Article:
The little guy didn't do a lot, but it brought the concept of a graphical user interface (GUI) to the attention of the general public for the very first time. People loved it; few found a show-stopping use for it. Most became pretty word processing machines; particularly being portrayed as such in a variety of movies.
After some gradual product evolution and a very messy divorce in 1985, Steve Jobs came back to a near-dead Apple in 1997.
The first clear fruit of Jobs' return was the iMac - the bubble-gum coloured transparent machines that sold 800,000 units in 20 weeks, yielding Apple an average profit of $385 per machine.
To some extent, the coolness outweighed the usability, which is why large numbers ended up in schools and other low-impact usage environments.
Suddenly Apple took a huge left-turn and in 2001 the iPod was born. Initially intended as an adjunct to Apple's range of computers, the iPod could only communicate with one of those to transfer songs. A solution looking for a problem.
They found the problem when iTunes was ported to the Windows platform. Suddenly the plan to build and extend a proprietary Apple computer-based media centre exploded into the real world. People wanted the iPod just for itself. This was the cool device that we ALL wanted to own; Apple was now completely mainstream.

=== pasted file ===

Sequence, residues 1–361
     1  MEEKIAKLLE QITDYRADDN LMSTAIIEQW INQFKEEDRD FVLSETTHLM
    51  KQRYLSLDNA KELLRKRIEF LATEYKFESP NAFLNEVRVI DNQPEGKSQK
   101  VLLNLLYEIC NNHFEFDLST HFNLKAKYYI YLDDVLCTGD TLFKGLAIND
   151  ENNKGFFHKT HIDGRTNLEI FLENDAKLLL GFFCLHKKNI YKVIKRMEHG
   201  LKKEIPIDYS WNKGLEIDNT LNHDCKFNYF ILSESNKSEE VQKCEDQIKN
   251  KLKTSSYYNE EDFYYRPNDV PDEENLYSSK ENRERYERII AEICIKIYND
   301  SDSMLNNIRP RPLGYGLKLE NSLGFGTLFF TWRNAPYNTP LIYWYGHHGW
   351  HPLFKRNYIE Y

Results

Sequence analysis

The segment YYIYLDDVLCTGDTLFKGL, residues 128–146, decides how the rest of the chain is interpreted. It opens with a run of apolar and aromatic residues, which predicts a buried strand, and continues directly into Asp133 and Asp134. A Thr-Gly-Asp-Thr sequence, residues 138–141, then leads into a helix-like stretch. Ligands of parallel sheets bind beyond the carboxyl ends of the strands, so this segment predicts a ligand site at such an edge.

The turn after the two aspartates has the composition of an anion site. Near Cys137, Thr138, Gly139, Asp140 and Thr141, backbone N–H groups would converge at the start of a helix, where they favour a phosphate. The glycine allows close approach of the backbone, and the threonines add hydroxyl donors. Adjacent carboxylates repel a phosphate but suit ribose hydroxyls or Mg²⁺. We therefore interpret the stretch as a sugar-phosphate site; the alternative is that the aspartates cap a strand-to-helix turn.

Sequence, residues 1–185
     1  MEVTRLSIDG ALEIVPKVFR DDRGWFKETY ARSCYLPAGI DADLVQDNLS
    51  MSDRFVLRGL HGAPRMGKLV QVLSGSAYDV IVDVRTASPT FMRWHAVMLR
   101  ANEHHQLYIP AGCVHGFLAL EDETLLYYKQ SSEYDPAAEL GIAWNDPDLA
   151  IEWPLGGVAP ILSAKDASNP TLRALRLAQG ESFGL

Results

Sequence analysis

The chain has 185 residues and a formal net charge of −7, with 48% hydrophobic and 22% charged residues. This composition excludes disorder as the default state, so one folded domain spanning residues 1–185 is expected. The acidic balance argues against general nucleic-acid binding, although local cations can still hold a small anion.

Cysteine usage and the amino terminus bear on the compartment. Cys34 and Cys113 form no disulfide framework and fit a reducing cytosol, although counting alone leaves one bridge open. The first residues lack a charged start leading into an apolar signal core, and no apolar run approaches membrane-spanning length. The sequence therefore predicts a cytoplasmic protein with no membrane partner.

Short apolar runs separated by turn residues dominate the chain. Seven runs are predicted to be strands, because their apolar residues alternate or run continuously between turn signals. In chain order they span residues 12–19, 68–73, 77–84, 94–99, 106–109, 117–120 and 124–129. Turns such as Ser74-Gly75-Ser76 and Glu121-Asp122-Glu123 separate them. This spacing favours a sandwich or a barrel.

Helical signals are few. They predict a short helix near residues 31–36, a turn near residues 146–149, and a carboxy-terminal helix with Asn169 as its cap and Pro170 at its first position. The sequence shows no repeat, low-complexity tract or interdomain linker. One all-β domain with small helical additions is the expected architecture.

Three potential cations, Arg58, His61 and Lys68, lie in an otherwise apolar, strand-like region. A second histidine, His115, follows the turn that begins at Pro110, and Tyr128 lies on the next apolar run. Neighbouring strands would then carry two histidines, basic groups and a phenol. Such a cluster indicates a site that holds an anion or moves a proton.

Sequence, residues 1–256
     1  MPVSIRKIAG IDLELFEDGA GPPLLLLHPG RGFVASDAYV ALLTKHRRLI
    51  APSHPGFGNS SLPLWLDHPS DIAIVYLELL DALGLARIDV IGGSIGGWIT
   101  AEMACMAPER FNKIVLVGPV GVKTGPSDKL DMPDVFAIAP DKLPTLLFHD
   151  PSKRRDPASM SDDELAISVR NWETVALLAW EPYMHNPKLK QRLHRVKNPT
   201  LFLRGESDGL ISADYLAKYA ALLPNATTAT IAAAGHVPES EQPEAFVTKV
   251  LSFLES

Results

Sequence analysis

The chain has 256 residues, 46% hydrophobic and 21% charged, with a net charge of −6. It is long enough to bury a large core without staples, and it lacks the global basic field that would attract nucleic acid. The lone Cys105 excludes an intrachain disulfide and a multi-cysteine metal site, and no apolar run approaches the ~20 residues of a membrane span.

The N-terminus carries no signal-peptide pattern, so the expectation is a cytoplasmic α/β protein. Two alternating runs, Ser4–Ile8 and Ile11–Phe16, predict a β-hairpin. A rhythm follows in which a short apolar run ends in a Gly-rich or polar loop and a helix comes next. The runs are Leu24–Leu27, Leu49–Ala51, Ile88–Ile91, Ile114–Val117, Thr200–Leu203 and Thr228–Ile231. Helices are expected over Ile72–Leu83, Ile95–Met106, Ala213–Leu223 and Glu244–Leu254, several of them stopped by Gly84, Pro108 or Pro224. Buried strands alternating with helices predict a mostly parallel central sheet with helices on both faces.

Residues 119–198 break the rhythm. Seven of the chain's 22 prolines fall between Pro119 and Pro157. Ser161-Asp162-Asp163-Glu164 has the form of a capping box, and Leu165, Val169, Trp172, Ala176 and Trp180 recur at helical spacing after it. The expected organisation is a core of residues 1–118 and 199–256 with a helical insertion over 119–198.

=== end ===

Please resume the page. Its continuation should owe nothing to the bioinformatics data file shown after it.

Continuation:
By 2009, the iPod held over 70% of the digital music player market.
The iPhone in 2007 trod some very similar territory to the iPod. The potential consumers were a little confused at first.
'Well, today, we're introducing three revolutionary products of this class. The first one is a widescreen iPod with touch controls. The second is a revolutionary mobile phone. And, the third is a breakthrough Internet communications device'¦ These are not three separate devices. This is one device, and we are calling it 'iPhone.' Today, Apple is going to reinvent the phone.'
That may-well be true, but without the AppStore, the runaway success of which took even Jobs by surprise, the iPhone was yet another solution looking for a problem. And what a problem they managed to discover!
So, here we are with the iPad. In many respects, it's simply a large-screen beefed-up iPod Touch, with the ability to make GSM data connections and to manage eBook-style information presentations. A great solution, but yet again, we're all gathered together staring down the tunnel seeking the light of a real problem.